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Centrelink debt recovery system

29 May 2018

On 28 February 2017, the former Australian Information Commissioner and Privacy Commissioner announced he had commenced inquiries with the Department of Human Services in response to media reports that Centrelink had released personal information into the public domain.

The Department submitted the disclosure was authorised by Australian Privacy Principle (APP) 6.2(a)(ii), which provides that if an APP entity holds personal information for a primary purpose, it may use or disclose it for a secondary purpose if the individual would reasonably expect it to do so, and the secondary purpose is related to the primary purpose.

Having carefully considered the specific public statements made by the Centrelink customer, and the specific information disclosed in response, the acting Australian Information Commissioner and acting Privacy Commissioner reached the conclusion that, in this instance, the disclosure was permitted by APP 6.2(a)(ii). The acting Commissioner had regard to the matters outlined in the case note L v Commonwealth Agency [2010] PrivCmrA 14 (24 December 2010) and in the Australian Privacy Principles Guidelines.

For more information about individual’s privacy rights and managing privacy obligations, visit www.oaic.gov.au.

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16 March 2017

On February 28, the Australian Privacy Commissioner announced he had commenced inquiries with the Department of Human Services regarding a release of personal information into the public domain. Those inquiries are ongoing.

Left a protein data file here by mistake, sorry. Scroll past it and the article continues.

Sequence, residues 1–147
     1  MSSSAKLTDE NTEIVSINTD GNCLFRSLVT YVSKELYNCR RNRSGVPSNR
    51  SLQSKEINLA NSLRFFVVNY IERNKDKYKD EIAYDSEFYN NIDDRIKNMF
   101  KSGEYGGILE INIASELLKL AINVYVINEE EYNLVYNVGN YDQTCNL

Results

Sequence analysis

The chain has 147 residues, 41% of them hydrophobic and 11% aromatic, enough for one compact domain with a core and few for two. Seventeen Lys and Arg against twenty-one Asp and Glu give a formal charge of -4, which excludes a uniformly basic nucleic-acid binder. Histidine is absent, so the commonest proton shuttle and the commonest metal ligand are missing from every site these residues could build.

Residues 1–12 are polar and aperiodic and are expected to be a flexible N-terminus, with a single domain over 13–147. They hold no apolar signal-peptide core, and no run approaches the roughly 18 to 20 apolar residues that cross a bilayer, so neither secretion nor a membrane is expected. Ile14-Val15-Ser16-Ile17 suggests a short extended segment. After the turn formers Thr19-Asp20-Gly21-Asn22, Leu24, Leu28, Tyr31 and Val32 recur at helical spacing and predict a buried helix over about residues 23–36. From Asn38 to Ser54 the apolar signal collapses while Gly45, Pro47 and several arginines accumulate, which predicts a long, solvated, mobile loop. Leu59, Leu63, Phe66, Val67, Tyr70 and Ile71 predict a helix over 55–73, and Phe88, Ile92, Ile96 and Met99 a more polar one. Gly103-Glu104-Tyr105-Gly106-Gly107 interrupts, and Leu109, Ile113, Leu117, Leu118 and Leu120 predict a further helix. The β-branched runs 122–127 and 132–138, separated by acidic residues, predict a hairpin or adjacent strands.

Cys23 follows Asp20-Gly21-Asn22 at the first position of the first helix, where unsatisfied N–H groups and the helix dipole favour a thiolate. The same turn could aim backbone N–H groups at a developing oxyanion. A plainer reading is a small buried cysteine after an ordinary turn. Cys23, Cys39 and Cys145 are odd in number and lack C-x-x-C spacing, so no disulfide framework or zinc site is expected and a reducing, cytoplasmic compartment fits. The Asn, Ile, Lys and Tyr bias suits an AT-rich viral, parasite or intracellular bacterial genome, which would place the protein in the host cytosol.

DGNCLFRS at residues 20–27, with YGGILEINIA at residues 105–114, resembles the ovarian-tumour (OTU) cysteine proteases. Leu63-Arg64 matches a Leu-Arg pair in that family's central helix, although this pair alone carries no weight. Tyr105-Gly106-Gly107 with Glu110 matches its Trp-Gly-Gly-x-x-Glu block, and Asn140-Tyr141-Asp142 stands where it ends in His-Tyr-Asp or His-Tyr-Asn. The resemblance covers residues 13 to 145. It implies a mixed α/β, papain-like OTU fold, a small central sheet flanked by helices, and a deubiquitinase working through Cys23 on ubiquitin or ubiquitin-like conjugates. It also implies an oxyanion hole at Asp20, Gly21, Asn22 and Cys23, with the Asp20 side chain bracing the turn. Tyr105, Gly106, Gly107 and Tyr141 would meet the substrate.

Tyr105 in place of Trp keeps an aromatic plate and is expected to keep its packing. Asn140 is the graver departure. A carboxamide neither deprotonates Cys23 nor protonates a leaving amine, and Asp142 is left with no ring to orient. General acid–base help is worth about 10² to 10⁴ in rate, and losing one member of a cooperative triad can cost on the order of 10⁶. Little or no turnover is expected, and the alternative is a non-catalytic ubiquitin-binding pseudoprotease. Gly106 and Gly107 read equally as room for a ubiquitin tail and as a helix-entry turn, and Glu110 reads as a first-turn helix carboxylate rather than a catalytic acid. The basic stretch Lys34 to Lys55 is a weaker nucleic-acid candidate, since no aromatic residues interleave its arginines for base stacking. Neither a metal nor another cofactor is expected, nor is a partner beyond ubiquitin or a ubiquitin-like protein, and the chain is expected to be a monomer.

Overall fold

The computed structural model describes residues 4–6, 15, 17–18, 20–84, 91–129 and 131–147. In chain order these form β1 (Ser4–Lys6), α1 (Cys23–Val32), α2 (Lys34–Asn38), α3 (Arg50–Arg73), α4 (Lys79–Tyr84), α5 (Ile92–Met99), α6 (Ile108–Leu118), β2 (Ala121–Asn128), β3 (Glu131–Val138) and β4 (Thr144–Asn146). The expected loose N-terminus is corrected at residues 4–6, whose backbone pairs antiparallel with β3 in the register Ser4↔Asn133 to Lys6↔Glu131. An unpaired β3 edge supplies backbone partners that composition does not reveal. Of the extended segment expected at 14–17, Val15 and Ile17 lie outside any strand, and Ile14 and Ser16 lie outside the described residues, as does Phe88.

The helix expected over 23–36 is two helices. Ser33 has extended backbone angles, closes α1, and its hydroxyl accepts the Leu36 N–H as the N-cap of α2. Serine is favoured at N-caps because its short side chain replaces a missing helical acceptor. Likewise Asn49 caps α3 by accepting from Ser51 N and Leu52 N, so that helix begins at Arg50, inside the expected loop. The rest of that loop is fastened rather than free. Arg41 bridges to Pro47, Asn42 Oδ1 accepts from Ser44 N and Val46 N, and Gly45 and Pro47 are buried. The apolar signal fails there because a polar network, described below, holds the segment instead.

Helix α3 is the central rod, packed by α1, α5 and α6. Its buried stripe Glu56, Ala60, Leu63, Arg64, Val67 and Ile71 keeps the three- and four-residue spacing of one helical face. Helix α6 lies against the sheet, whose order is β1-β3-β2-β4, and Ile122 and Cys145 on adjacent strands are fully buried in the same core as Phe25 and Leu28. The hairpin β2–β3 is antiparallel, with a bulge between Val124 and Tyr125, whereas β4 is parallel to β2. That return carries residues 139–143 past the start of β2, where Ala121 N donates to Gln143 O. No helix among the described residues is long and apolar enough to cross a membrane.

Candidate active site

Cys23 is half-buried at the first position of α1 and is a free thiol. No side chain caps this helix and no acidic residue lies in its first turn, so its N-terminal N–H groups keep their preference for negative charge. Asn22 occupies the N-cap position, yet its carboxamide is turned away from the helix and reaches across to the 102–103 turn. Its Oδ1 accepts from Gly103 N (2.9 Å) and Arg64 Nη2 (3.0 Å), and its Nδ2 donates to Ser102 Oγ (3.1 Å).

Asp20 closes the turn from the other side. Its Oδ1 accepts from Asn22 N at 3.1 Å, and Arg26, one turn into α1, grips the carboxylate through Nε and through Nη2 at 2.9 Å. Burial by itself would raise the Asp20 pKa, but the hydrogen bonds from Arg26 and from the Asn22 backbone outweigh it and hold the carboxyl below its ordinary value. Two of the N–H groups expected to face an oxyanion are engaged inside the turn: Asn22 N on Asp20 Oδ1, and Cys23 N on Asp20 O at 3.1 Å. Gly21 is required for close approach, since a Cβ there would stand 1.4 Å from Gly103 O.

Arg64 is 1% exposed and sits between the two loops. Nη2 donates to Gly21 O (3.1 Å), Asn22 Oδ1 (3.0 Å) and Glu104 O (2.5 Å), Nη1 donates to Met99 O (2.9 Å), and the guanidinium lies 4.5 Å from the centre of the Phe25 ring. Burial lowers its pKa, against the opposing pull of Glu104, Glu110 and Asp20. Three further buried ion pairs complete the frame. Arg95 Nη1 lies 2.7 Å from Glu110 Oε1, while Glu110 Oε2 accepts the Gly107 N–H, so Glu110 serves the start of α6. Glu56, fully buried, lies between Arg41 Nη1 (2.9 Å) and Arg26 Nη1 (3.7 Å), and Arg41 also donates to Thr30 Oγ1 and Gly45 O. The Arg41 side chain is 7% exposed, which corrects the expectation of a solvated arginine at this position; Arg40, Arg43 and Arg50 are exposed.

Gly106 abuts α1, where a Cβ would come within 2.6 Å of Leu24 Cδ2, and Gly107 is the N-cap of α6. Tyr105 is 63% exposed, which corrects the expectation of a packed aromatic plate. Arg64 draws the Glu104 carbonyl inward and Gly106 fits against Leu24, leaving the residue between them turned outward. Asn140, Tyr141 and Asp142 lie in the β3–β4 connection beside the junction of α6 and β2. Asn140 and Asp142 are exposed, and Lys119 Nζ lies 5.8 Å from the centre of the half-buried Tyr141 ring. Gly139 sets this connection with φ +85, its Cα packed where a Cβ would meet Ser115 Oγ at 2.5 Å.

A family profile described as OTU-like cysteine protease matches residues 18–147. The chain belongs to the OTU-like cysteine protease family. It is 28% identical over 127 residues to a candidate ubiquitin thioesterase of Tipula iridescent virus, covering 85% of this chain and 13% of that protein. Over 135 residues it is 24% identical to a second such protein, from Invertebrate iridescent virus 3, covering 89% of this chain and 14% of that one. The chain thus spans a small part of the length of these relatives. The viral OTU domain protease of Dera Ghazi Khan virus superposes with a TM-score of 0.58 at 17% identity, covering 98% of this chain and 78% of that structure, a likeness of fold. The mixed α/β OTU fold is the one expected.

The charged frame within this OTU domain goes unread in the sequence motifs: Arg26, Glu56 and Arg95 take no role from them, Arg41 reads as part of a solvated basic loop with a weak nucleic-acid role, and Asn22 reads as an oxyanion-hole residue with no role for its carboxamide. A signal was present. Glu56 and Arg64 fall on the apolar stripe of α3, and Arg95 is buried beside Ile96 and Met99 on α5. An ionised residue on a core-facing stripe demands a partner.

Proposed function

On March 2, allegations arising from the same matter were referred to the Australian Federal Police. In order not to prejudice any proceedings in relation to this issue the Commissioner will not comment further on this matter until inquiries have concluded. 

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28 February 2017

Statement by the Australian Information and Privacy Commissioner, Timothy Pilgrim

I am aware of the media reports concerning this issue. My office is making inquiries with the Department of Human Services.

Government agencies are entrusted with a significant amount of personal information. This information must be handled in accordance with the Australian Privacy Principles.

An agency may only disclose an individual’s personal information in a limited range of circumstances.

If anyone has any concerns about how their personal information has been managed they can contact my office for assistance on 1300 363 992 or visit www.oaic.gov.au.

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6 January 2017

Statement by the Australian Information and Privacy Commissioner, Timothy Pilgrim

My office has been in contact with the Department of Human Services (DHS) and the Office of the Commonwealth Ombudsman about this issue.

My office works closely with DHS and other government agencies to ensure they understand their privacy obligations and adopt best practice when undertaking data-matching activities. We also undertake assessments (formerly termed audits) of DHS’ data-matching activities to ensure that the personal information collected through these processes continues to be managed in accordance with the Privacy Act 1988.

In 2017 we will be finalising an ongoing assessment of the privacy aspects of DHS’s Enhanced Welfare Payment Integrity — non-employment income data-matching program, as well as conducting further assessments into their data-matching activities. The results of these assessments will be made available to the public at their conclusion.

No investigation has been opened in relation to this matter by my office. However, if anyone has any concerns about how their privacy has been managed they can contact my office for free confidential advice on enquiries@oaic.gov.au or 1300 363 992.

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